Friday, July 30, 2010

Virginia: Corn Ears Infested With Bollworms - Indicator Of Spraying Trends In Cotton - Hit 42%

Annually, we conduct a survey to estimate Helicoverpa zea (bollworm/corn earworm) infestation levels in field corn in late July.

Corn is considered a nursery crop for earworm, allowing the pest to complete a lifecycle and then move on to other crops such as soybean, cotton, and peanut in August.

Over 30 years of data show that there is nearly a 1:1 relationship between the infestation level in corn and the amount of soybean acreage that gets treated with insecticide for this pest. This means that if 50% of corn ears are infested, we can expect about 49.9% of Virginia’s soybean acreage to be treated for earworm.

 To conduct the survey this year, the number of corn earworms found in 50 ears of corn was recorded in 5 randomly selected corn fields in each of 24 counties, totaling 5,800 ears and 116 fields sampled.

When fields were known to contain Bt or non-Bt corn, this was noted.

Otherwise, samples were considered to be random and assumed to be representative of the actual Bt/non-Bt composition in each county. Age of earworms, or if they had already exited the ears, was also recorded.

We greatly appreciate the help of Virginia Cooperative Extension Agriculture and Natural Resource (ANR) Agents, Virginia Tech faculty and staff, and volunteers in this effort. These cooperators are acknowledged at the end of this report. We also would like to thank the many growers who graciously allowed us to inspect their fields for earworm.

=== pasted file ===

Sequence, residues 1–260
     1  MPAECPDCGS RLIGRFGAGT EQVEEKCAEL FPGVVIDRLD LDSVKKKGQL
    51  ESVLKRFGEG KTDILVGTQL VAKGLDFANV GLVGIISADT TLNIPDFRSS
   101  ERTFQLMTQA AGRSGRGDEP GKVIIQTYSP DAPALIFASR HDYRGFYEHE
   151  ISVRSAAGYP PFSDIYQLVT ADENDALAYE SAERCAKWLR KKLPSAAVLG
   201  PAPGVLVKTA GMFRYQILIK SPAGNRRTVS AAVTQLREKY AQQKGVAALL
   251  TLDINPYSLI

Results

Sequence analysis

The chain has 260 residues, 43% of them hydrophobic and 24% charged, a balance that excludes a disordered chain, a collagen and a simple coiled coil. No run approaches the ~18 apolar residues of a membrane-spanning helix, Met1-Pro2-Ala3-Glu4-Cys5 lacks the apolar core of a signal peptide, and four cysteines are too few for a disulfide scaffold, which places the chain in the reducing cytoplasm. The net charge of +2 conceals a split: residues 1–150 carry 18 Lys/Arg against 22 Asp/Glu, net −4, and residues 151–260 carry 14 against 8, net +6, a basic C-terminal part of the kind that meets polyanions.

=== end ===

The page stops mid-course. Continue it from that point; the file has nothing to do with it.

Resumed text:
CLICK HERE for a breakdown of the surveyresults..

  • Statewide, 42% of ears were infested with earworms. This is up from 36% in 2009.
  • Regional averages were 12% infested in Northern, 28% in the Northern Neck, 39% in Mid-Eastern, 58% in the Southeast, and 46% on the Eastern Shore.
  • From the survey, it looks like the areas of greatest risk to heavy infestations of earworms are the southeastern ‘cotton/peanut’ counties and the Eastern Shore. However, as large as this effort is, it is not a complete picture.
  • We always recommend scouting individual fields to determine exactly what is happening in terms of corn earworm as well as other pests and crop problems. In a lot of this year’s samples, earworms had already exited from the ears to pupate, which indicates that the process may be a little ahead of schedule.
  • Moths have already begun to emerge from corn fields and the main flight has begun (see our weekly black light trap catches for more details). We are currently conducting an earworm trial in a heavily infested soybean field in Jackson, North Carolina.
  • We will continue posting moth catch numbers and other information regarding the 2010 insect pest situation.

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